The Metaverse: Will Facebook’s Newest “Social Technology” Live up to its Utopian Ideals?


Photo courtesy Time

On October 28, Facebook announced its plans to change its corporate name to Meta. A reference to the metaverse, a term first coined in science fiction, Meta plans to create an all encompassing virtual world. This was outlined in their keynote, in which founder and CEO Mark Zuckerburg presented the public with renderings of virtual spaces for business, recreation, and education all united with one platform. To accomplish this, Meta will spend 10 billion dollars and hire 10,000 workers to bolster the virtual and augmented reality parts of their “Social Technology” wings.

This decision comes at a time when Facebook is increasingly coming under bipartian fire from lawmakers and the public over its very likely role in spreading misinformation and hate speech, specifically around vaccines and the Covid-19 pandemic, as well as the 2020 election and politics. A move towards some kind of metaverse, even if unsuccessful, can help to move public attention away from the social media platform that is viewed by many as contributing to a decrease in mental health among teenagers and the growing presence of extremism online. By moving towards a new platform, Meta also attempts to reclaim power over its app which had usually been at the behest of whatever operating system it is on (namely IOS).

Meta is not the only tech giant to change its name, in 2001 Google rebranded to Alphabet in order to separate its profitable search engine from other branches of the company. Other companies have changed their corporate names for a variety of reasons, ranging from PR stunts to responses to public criticism. In 2003, Philips Morris, a company whose holdings include cigarette manufacturer Marlborough and various cigar makers, changed the name of its North American subsidiary to Atria. Even without making actual change within the company, changes like these attempt to separate a company from its troubled past and form a new “forward thinking” corporate identity.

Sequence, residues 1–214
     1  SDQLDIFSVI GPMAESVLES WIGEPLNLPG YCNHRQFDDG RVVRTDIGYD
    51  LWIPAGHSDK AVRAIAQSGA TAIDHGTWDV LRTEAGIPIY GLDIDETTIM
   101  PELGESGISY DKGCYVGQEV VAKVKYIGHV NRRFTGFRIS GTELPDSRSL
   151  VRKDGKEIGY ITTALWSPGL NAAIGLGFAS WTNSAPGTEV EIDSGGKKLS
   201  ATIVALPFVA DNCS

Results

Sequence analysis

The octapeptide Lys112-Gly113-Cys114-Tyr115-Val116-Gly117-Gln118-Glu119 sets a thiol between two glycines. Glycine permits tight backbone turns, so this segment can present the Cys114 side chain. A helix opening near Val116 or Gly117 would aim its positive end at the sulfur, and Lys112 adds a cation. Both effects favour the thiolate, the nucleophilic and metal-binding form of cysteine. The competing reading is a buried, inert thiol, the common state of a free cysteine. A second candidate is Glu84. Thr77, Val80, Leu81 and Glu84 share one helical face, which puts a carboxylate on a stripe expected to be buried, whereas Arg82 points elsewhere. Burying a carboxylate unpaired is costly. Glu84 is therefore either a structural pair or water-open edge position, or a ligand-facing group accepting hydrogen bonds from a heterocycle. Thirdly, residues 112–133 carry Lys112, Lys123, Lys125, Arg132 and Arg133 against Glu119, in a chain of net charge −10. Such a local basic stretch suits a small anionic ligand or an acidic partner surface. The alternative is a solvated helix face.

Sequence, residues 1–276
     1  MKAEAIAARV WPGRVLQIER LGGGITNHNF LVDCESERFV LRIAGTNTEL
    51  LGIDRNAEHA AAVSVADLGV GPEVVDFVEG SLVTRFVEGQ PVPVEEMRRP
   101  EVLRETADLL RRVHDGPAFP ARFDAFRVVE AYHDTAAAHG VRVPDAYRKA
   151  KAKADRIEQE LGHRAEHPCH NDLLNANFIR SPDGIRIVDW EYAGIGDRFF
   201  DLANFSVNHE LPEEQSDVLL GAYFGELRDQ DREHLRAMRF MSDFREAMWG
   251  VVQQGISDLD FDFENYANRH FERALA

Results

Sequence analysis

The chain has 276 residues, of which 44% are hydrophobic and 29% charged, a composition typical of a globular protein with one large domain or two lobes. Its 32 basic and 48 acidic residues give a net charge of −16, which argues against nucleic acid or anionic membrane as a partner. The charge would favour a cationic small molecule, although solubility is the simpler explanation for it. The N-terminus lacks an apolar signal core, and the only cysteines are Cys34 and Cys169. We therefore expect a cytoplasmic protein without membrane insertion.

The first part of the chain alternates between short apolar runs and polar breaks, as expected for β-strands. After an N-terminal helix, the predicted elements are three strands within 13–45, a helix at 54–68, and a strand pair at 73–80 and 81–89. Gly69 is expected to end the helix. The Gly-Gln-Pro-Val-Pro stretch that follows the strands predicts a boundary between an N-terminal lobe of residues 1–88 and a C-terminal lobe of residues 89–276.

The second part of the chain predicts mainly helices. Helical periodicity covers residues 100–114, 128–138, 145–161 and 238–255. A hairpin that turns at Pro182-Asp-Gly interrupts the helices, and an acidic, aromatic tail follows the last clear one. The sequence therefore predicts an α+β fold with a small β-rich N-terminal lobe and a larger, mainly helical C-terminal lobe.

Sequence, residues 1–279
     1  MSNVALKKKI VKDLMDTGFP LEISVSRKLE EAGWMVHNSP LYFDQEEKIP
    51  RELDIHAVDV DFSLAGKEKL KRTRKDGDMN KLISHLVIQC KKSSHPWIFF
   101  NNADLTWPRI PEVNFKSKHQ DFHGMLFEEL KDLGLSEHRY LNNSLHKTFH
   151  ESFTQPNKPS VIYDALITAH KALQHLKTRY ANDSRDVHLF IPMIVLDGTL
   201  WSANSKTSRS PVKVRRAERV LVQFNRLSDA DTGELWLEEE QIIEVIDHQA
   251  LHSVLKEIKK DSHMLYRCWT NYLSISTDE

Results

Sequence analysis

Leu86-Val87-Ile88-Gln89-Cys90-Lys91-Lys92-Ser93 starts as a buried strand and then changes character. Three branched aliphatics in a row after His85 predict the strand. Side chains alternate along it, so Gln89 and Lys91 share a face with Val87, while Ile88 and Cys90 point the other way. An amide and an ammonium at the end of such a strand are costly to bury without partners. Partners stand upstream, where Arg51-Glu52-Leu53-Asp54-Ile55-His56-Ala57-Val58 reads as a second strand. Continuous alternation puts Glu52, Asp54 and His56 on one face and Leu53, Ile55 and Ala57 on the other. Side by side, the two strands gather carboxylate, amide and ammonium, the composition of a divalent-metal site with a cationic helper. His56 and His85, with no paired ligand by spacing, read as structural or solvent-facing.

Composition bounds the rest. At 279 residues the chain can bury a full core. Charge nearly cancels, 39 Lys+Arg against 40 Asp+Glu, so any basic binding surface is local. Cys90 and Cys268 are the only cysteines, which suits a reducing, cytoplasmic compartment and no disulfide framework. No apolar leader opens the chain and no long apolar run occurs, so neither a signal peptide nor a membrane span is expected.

In many ways the public response to Meta’s name change is just what Meta looked for- headlines have been awash with responses ranging from warning about the social implications of these new virtual spaces to listing which stocks will best respond to its technical needs. Companies too have taken notice of Meta’s recent shift and have begun to retool their brands in order to capitalize on the metaverse. Patents filed by Nike show that it may be preparing virtual branded items in some kind of metaverse. In addition to apparel brands, studios like Disney seem to have taken an interest in this new form of media as well. The Hollywood Reporter writes that during an earnings call CEO Bob Chapek outlined Disney’s plans to integrate their content into the metaverse.

With what seems to be a significant response from other corporations, it’s hard to see Meta’s change as purely window dressing or a simple diversion. However, if we are to see the “metaverse” become an increasing part of our daily lives, some important questions must be answered first. We must ask ourselves whether we are comfortable with companies like Facebook having an ever greater role in shaping our social, commercial, and recreational interactions both on and offline. The early utopian dreams of social technology, promised by the companies that have created Facebook and other social networks, have been sullied by the commodification of online spaces and their predatory behavior. Virtual and augmented reality would allow for corporations to blend advertisements and corporate oversight into even the most intimate parts of our daily lives. The metaverse can be a near utopian expression of our human desires for connection and play (as Meta has portrayed it), or it can amplify the darkest patterns of our current social media, exploiting these very desires for profit. Time can only tell which is realized.